Sunday - Thursday: 11:30 AM - 10:00 PM /
Friday: 10:00 AM - 4:00 PM /
Saturday: Closed / 201.569.5600
stars - based on 77
Kosher for Health Reasons
Recent trends show that many Americans are going kosher.
The switch, however, is not religiously motivated. Instead,
many people are finding their way to kosher eating because
of the health consciousness that it promotes. According
to a survey done in 2008, of those who buy kosher regularly,
62% buy kosher for its quality, and 51% do so out of
a desire to purchase healthier food.
Kosher is an ancient set of rules with regard to food.
It is observed by Jews. Kosher laws regulate how and
where food is produced, the level of purity of a food,
and the ingredients that may be found in a food. Natural
items such as fruits and vegetables or grains must be
inspected to ensure that nothing non-kosher has been
mixed in with them. In order to be certified kosher,
meat must be grown, killed, and butchered under particular
standards. The kill process, for example, referred to
as “shechting”, is considered more humane
than the practices used at some non-kosher meat processing
centers. Once butchered, the animal must be closely
inspected for any signs of infection.
Given the standards that are placed upon food processing
centers under kosher law, it makes sense that the general
public would look to kosher as producing a higher standard
of product than a typical food producer. Kosher can
also lend convenience for those who wish to restrict
certain ingredients from their diets. Kosher law dictates,
for example, that meat and dairy must not be mixed.
For vegetarians, the kosher stamp on a vegetarian product
is a surefire way to ensure that no animal products
will be found in that product. Similarly, since kosher
products must be created under a set of discriminating
circumstances, kosher certified products are carefully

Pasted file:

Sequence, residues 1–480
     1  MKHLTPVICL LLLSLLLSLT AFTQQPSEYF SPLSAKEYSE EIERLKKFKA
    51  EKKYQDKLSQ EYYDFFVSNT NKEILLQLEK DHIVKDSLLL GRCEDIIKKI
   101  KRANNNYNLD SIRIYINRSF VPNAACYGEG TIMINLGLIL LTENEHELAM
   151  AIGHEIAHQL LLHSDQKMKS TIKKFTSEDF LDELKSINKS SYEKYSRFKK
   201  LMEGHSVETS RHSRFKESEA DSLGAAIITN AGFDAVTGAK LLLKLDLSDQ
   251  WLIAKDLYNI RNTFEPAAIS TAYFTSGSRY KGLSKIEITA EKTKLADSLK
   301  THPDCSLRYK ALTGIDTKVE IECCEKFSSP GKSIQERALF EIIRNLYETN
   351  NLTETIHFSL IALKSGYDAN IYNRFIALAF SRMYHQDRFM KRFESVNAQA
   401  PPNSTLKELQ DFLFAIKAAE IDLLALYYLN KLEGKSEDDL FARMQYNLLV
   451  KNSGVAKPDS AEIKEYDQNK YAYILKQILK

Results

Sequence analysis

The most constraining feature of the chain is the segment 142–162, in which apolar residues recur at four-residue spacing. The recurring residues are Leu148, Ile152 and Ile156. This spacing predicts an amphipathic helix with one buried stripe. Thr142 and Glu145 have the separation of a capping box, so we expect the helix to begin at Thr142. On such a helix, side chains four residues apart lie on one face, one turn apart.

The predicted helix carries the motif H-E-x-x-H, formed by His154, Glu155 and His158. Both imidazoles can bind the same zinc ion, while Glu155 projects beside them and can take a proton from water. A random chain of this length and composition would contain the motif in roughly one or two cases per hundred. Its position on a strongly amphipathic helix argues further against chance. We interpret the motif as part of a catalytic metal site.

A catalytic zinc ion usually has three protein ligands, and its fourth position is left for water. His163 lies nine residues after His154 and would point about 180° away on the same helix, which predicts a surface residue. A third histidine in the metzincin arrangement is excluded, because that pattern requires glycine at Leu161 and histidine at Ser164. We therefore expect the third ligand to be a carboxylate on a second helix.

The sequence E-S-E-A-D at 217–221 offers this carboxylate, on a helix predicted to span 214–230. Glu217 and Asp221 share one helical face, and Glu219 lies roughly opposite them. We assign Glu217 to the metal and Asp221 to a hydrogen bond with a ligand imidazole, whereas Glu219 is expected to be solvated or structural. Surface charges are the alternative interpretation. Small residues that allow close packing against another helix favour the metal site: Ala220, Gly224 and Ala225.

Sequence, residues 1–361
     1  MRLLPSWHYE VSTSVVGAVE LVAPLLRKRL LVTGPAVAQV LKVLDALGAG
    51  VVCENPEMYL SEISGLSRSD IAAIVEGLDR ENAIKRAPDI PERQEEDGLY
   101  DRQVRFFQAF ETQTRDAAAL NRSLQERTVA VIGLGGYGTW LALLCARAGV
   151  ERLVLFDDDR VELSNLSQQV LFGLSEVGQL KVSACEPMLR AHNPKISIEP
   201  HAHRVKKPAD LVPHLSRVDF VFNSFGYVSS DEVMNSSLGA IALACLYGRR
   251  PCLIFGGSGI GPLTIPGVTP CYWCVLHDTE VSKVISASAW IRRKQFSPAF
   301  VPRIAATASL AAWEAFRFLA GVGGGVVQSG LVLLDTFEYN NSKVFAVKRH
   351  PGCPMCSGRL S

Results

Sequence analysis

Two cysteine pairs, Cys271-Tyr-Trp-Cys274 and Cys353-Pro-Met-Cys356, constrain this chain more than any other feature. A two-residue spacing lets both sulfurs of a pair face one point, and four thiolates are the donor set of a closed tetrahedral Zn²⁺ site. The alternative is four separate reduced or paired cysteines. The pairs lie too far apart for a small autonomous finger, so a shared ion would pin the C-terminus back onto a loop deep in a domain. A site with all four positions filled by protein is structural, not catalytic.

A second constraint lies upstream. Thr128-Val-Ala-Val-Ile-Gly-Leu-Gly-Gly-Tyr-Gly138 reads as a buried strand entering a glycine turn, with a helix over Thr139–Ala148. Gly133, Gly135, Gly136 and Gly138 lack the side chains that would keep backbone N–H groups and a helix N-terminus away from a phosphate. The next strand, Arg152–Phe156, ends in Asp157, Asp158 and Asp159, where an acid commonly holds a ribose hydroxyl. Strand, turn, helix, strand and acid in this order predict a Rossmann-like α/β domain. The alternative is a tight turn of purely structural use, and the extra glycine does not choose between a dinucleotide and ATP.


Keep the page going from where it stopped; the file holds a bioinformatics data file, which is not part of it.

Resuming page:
inspected to ensure that no non-kosher elements, such
as insects for example, have made their way into the
Beyond dietary preferences, many Americans turn to kosher
for help with shopping when allergies are concerned.
Kosher law prohibits the consumption of shellfish, and
therefore a product labeled kosher is safe for consumption
by someone who may be allergic to shellfish. The same
goes for those who have dairy allergies. If a product
is vegetable or meat based and is marked pareve, it
may not contain any dairy.
With the awareness toward humane and green consumption
growing in the United States, the trend toward kosher
eating makes sense. Given the amount of restrictions
placed upon the production of kosher food, it’s
well known that a great deal of oversight goes into
certifying a product kosher. Although this may sometimes
mean that a kosher food takes longer to produce and
is more expensive in the end than a non-kosher product,
many Americans like the idea of a product that was created
with so much care and attention to detail. With many
sets of eyes looking at each and every product, the
margin of error is so slim that many feel very comfortable
trusting the seal of approval given to kosher foods.